A Dremel is not the best tool to make straight cuts in wood, but in a pinch, you can achieve decently straight cuts with a Dremel. This will take some effort though.
To make a straight cut in wood with a Dremel rotary tool we can use a straight-edge guide, like the Dremel #678 straight-edge guide or the Dremel #335-01 plunge router. We cut the wood in several passes with the Dremel #562 tile-cutting bit going deeper with each pass.
The method above will result in the cleanest cut, but it is not the quickest. I found a method that is much faster, but it will leave the cutting edge a little bit rougher. Let’s get into the different methods of making straight cuts in wood with a Dremel.
How To Make Straight Cuts In Wood With A Dremel – Three Methods
Using a Dremel for making straight cuts in wood can be compared to using a toothpick to cut up a cake. It is really not the best tool for the job. It takes longer than using a proper saw, and it is much less convenient.
But it is possible to make straight cuts in wood with a Dremel, especially in thin, flat pieces of wood like plywood, MDF, or basswood sheets.
It is important to have one of the more powerful Dremel’s to make these straight cuts, you will not come a long way with a Dremel Stylo+ for example.
I recommend using something like a Dremel 3000, 4000, 4300, 8220, 8260, or similar.
My favorite Dremel model is the Dremel 4000.
Method 1 – Using A Straight Edge Guide
To make sure we are cutting straight we can use some sort of straight-edge guide. Dremel has 2 attachments with straight-edge guides, these are designed to help us make straight cuts.
But straight-edge guides will only help you cut straight if the outer edge of the wood is straight in the first place.
The Dremel Plunge Router #335-01 has a large straight-edge guide included in the kit. This straight edge works really well at keeping Dremel cutting straight, and the solid adjustable base makes it easy to cut the wood in several passes because you can adjust the depth and lock it in a position.
The Straight Cutting Guide #678 also works well for cutting straight relative to the edge of the wood. It is lighter and smaller than the plunge router, so it is a little bit easier to set up. But I prefer the plunge router over the straight-cutting guide.
You can also use the #565 Multipurpose Cutting Kit. When using this you want to clamp down a plank of straight wood on top of the wood you are cutting, this will then function as a straight-cutting guide.
The best bits for making straight cuts with an edge guide are the Dremel #562 tile-cutting bit or the Dremel #561 multi-purpose cutting bit.
We want to make the cut in several passes, a good depth to cut each pass is about 1/8″ (3mm). That is the same size as the thickness of the bit you are using, so it is easy to know how deep you should go.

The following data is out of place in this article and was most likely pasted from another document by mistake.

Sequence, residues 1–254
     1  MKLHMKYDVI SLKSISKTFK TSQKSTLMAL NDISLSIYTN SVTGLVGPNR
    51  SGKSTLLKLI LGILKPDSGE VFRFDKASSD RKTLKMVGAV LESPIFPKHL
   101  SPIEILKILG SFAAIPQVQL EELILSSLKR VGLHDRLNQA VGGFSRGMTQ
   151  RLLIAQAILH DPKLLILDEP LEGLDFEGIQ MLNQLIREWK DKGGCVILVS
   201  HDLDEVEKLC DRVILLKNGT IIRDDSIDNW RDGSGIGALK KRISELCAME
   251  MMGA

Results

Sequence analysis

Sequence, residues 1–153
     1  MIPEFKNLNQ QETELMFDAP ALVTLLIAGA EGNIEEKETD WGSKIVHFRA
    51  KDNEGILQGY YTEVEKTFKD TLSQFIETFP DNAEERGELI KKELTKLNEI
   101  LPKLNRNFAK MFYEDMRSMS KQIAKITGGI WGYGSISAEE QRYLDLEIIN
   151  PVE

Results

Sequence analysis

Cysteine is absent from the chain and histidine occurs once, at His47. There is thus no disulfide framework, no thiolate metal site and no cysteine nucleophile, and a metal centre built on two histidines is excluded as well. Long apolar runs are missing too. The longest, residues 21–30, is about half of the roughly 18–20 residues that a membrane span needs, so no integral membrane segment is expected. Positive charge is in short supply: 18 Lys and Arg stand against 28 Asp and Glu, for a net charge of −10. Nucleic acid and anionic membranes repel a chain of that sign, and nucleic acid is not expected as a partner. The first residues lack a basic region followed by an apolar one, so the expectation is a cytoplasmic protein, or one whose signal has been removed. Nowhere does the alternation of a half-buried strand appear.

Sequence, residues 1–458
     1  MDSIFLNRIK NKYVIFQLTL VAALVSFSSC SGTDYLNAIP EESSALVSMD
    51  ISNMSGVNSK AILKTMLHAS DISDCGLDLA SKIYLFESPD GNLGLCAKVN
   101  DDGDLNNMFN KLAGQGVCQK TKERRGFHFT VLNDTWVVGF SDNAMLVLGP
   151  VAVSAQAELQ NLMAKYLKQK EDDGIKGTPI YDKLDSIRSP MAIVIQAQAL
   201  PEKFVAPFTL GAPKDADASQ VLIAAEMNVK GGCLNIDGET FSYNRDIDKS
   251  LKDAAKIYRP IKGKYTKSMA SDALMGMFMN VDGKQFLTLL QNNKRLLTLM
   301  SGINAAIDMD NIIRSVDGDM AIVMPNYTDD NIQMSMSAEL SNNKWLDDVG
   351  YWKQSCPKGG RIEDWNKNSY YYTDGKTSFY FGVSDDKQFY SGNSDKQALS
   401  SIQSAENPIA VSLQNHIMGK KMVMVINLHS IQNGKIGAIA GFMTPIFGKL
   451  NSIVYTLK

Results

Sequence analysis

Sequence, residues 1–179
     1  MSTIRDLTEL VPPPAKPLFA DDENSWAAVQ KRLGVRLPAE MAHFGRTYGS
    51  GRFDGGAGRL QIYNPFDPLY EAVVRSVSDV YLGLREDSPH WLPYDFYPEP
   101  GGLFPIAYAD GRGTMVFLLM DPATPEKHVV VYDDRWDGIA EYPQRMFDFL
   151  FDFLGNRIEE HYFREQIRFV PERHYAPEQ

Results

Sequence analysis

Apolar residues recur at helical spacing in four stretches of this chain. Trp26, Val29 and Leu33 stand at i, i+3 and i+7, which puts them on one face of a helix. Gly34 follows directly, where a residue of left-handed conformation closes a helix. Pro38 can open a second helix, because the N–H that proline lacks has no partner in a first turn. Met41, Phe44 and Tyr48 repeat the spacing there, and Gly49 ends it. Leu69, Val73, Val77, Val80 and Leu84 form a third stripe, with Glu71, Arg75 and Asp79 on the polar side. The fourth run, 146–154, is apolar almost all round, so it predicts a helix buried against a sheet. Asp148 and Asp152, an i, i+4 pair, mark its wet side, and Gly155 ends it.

All the attachments mentioned above can adjust the cutting depth of the bit and lock it in place so it will stay the same during the entirety of the cut.
The number of passes it takes to cut through the wood will depend on the thickness of the wood. The plywood board in this example is about 0.4″ (1cm). It took me 4 passes to cut through the plywood.
When you want to achieve a straight cut it is really important that you secure the wood properly so it does not move during the cut. Clamps work great for this, and by using a flat plank you can distribute the clamping force across the object you are cutting.
When using this method for cutting I have found that it is best to use high RPMs when cutting. Set your Dremel anywhere from 25000 to 35000 RPMs.
Note! This method is very noisy. When cutting, the Dremel will sound like an angry be enhanced by a loudspeaker.
Method 2 – The Wood Cutting Wheel EZ544
Using the wood cutting wheel EZ544 to cut a straight line is a lot quicker and less noisy than using a straight edge with the tile cutting bit, but it does not produce that clean cutting edge.
But the result is good enough, and if you want a clean cutting edge, then the Dremel is not really the tool for the job.
When cutting a straight line with the wood-cutting wheel we want to mark the cut and secure the wood with clamps before we start cutting.
Set the Dremel to around 20 000 RPMs and start the cut.
We are making the cut without any cutting guides, so keep a steady hand while you try to follow the line. Do not cut all the way through the first pass. Just make sure you follow the line as well as possible.
On the second pass, we can cut all the way through the plywood, the groove we have already created will act as a guide for the rest of the cut.
Here are the results when using the wood cutting wheel, a fairly straight cut, but with some rough bits to the edge.
I really like the #EZ544 wood-cutting wheel, it is extremely effective at cutting wood, and is the best wood-cutting bit for the Dremel in my opinion.
Method 3 – The Mini-Saw attachment
The Dremel #670 Mini-Saw Attachment is another great way to make straight cuts with a Dremel. This attachment transforms your Dremel into a mini circular saw.
When cutting with the mini saw it is fairly easy to follow the marked line as long as the wood is not too thick.
You can also make a DIY guide for the mini saw by clamping down a straight piece of lumber to act as the fence.
The mini saw is great for making straight cuts in thin materials like HDF, MDF, laminate, plywood, cabinet backing boards, and others.
The Mini-Saw is best used for cutting material that is 1/4″ (6.3mm) thick or less.
Here is a great video that shows you how the Mini-Saw attachment works in action.
These are the three main methods I would consider using when I want to make clean and straight cuts in wood with a Dremel.
But as I said earlier, a Dremel is not really the right tool for making clean and straight cuts in wood, but it will get the job done with some effort.
Use these methods on thin pieces of wood, I would not cut anything thicker than 0.5 Inches (1.25 Cm).